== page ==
Category — Politics

Tuesday, October 10. 1704.

Numb. 63.
[265]

I Am not justifying here the Honour of such Princes Proceedings, who fall upon their Neighbours, and begin Wars and Hostilities, without pretence of Quarrel, and without Declaring first their Resolution.

But for the Edification of those Gentlemen; who are willing the Swedes should ruin the King of Poland, because he Assaulted them without a just Ground; I would recommend to their consideration, how the Hungarians joyn’d with the Turks, in a War against the Emperor, under the obligation of a Solemn Peace, unbroken, and which had three Years yet to come, and without any ground of Complaint on the Turks behalf.

Nay, so openly, and against all Justice and Honour did the Turks break this Peace, that when afterwards the Losses and Destruction of the War, brought them to think their Priests at Constantinople exclaim’d against the injustice of it, and the Rabble Sacrificed those who had been the occasion of it; Declaring their great Prophet Mahomet was Angry at their beginning so Dishonourable a War; and Teckely himself was in no small danger among them upon this Account.

Yet I never read that our Hungarians, and who, some would have all call’d Protestants, made the least scruple of the Turks denying the Emperor this Ceremony, but treated his Imperial Majesty in all Cases, as if he was a Person with whom no Measures were to be observed, breaking all their Truces and Cessations, seizing their Magazines, intercepting his Convoys, even when under Treaties and Capitulations. [Read more →]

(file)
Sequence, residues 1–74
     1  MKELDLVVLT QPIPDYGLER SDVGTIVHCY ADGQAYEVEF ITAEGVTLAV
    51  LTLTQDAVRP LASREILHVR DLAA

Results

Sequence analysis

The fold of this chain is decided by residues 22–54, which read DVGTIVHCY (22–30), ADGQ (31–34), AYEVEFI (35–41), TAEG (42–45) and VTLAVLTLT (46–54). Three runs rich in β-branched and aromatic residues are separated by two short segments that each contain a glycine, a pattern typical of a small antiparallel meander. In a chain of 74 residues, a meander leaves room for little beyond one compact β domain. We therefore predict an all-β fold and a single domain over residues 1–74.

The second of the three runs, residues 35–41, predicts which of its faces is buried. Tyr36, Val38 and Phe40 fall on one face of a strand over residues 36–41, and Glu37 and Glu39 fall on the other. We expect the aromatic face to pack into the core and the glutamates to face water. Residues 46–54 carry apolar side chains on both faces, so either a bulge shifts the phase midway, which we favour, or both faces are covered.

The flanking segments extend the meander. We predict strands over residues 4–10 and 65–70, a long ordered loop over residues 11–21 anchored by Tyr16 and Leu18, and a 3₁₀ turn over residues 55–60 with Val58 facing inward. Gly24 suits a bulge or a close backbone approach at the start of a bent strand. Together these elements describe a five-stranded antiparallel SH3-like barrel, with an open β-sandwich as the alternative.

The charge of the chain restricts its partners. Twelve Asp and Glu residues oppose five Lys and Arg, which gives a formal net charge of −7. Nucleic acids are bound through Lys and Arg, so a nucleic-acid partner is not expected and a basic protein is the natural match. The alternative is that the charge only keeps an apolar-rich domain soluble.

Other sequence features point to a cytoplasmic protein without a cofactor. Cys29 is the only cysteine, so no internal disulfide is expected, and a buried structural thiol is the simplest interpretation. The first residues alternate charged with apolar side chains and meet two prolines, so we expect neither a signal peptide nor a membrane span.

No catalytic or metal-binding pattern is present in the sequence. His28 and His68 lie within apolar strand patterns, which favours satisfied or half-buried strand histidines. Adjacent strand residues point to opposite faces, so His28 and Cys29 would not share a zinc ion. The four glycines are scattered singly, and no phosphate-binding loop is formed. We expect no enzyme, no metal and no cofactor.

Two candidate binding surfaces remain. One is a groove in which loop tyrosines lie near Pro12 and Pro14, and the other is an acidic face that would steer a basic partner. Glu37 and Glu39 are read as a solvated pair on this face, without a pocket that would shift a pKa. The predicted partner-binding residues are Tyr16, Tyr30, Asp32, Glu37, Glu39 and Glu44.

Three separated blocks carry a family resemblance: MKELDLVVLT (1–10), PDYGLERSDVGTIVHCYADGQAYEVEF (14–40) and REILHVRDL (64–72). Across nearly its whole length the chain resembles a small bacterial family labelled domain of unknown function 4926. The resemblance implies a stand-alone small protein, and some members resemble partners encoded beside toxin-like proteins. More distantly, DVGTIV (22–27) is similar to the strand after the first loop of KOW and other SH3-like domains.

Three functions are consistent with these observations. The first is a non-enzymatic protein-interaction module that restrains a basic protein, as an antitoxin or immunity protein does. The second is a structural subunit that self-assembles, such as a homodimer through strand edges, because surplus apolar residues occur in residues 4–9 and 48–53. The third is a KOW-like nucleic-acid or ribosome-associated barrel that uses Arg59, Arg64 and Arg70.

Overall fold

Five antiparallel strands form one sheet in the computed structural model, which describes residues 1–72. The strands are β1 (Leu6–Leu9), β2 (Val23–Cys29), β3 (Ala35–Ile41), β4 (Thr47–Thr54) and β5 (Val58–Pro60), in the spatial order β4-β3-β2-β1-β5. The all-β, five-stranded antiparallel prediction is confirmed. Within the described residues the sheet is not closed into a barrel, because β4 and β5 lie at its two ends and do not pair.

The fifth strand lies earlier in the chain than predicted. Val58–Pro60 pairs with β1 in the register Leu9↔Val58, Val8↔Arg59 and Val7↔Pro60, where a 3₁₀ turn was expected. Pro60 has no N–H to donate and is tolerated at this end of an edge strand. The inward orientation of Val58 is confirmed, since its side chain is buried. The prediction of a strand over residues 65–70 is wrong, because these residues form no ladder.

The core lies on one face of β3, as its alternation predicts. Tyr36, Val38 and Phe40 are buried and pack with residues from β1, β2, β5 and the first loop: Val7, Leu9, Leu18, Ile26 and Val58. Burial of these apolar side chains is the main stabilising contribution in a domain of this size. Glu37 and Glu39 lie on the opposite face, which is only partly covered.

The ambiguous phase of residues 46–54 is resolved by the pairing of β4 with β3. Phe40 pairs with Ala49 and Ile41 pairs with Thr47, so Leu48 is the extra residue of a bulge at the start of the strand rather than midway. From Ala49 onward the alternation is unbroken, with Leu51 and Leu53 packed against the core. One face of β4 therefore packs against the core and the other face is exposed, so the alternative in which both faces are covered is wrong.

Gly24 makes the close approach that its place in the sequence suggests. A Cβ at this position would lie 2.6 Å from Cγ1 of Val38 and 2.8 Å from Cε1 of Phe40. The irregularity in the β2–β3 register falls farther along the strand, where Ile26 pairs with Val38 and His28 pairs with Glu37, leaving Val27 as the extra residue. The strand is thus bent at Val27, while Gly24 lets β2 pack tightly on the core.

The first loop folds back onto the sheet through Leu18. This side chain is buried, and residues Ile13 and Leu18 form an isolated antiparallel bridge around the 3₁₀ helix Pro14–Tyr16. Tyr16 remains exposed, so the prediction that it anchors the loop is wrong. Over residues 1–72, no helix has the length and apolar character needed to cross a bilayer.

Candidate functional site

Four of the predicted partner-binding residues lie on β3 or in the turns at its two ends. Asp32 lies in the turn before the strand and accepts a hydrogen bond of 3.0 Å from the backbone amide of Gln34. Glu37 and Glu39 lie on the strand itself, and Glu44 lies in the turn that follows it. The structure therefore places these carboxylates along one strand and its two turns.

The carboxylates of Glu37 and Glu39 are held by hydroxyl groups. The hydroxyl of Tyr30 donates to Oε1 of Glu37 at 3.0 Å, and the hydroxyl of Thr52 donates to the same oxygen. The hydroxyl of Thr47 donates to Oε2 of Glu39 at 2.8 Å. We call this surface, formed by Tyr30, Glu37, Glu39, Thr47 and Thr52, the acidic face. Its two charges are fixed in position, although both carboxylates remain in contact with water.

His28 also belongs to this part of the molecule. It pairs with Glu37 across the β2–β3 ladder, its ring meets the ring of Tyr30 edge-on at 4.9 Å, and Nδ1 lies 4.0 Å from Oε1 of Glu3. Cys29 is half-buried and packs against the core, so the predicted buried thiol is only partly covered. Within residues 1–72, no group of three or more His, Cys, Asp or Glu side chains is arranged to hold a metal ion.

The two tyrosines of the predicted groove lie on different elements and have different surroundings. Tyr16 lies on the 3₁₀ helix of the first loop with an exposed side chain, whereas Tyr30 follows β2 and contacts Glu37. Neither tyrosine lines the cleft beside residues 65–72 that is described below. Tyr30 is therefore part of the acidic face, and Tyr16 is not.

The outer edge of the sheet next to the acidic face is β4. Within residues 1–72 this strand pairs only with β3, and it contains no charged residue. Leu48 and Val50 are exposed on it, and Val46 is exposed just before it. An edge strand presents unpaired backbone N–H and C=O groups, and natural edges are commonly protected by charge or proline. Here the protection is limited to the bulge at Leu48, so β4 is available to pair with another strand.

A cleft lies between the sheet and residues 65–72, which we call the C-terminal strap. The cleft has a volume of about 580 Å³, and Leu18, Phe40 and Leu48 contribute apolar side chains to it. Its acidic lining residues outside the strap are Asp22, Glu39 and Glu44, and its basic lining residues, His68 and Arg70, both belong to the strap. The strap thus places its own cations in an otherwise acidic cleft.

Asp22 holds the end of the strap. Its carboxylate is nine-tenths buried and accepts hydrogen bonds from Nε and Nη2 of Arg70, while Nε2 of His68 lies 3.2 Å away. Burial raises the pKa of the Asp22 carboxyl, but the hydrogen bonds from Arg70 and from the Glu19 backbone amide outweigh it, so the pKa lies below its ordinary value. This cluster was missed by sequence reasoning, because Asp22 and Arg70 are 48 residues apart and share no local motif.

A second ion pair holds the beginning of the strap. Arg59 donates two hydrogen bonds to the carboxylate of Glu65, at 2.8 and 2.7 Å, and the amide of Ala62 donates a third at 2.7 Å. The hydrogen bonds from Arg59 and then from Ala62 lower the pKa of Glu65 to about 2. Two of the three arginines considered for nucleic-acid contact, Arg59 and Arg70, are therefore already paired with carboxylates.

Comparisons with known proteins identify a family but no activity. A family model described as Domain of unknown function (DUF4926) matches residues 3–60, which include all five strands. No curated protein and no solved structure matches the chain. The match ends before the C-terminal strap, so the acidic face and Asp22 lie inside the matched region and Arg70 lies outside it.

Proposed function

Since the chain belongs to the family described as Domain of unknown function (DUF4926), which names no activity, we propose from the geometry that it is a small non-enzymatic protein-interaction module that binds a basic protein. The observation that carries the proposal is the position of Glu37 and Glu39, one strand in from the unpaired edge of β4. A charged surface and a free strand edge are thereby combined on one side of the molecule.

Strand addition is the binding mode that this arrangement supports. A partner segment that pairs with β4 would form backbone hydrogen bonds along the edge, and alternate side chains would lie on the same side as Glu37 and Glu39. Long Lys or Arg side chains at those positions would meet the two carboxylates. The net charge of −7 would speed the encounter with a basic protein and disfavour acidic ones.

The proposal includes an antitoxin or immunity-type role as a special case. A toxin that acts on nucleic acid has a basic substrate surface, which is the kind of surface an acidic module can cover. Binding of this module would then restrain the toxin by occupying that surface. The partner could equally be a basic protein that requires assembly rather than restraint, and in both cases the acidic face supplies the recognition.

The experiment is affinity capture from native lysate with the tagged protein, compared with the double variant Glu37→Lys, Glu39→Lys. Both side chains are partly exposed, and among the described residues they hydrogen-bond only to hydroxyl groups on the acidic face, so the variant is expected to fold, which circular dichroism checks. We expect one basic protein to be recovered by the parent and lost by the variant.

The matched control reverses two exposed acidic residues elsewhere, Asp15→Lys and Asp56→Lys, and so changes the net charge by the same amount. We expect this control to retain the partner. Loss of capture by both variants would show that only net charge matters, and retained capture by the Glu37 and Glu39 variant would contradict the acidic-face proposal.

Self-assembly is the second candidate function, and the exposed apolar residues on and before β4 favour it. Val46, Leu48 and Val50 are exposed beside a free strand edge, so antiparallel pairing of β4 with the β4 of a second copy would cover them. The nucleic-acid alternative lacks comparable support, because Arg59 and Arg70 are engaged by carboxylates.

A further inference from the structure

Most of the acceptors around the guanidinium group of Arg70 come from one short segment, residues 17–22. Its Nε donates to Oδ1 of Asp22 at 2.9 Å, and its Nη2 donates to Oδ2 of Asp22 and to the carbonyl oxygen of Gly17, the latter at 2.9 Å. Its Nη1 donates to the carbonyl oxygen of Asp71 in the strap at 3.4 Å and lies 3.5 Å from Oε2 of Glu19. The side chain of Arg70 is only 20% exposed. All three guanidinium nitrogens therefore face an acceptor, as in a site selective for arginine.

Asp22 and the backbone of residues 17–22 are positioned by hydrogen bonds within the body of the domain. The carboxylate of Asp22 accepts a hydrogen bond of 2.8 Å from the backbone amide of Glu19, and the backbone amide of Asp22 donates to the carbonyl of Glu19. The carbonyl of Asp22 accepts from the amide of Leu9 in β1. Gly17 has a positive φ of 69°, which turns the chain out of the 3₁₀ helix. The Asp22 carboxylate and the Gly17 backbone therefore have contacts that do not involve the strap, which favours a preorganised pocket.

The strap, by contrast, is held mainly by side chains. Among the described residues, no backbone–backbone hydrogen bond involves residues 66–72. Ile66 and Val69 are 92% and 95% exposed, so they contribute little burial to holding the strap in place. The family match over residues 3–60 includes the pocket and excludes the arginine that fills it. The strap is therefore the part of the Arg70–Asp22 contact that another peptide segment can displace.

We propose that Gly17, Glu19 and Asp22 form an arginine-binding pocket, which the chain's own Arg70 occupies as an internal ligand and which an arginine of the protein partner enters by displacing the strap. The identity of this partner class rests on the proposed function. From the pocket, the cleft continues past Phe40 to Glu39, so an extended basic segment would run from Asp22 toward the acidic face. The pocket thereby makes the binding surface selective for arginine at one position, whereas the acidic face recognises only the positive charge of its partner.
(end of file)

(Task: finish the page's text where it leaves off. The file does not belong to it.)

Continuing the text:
October 10, 2008   No Comments

Saturday, September 23. 1704.

Numb. 58.
[245]

THE State of the Case between Emperor and the Hungarians, was by the last Review, brought to this; That the Germans, tho’ they were brought in to Assist them against the Turks, have Opprest them so much, and Treated them so Barbarously, that they now desire rather to submit to the Turk than to the German; and that they ought to have their Liberty.

I confess ’tis pity they that would be Slaves, should not be Gratifi’d with the Advantage of that Happy Condition; especially when they are brought so low, as to chose Turkish Slavery, which of all sorts of Bondage, was ever thought the worst.

But there are a great many Cases, wherein People have not a Right to dispose of themselves; and most of those particulars concur here.

As first; When a Nation that is a Barrier to another, will give it self over the Enemy, it has always been thought justifiable in the other Nation to seize on it by force, to prevent the Neighbourhood of a too powerful Nation: This has been the Case of Flanders, as to England and Holland, who have thought themselves oblig’d on all occasions, to prevent the Flemings falling into the hands of the French. [Read more →]

September 23, 2008   No Comments

Saturday, September 9. 1704.

Numb. 54.
[229]

I Cannot but earnestly desire those Gentlemen, who are so eager to have the Hungarians Assisted, and have them run down and ruin the Emperor, to look in and view the General Reasons of this Great and Desperate War now depending in Europe, and see, either we are upon a right Bottom, or a wrong.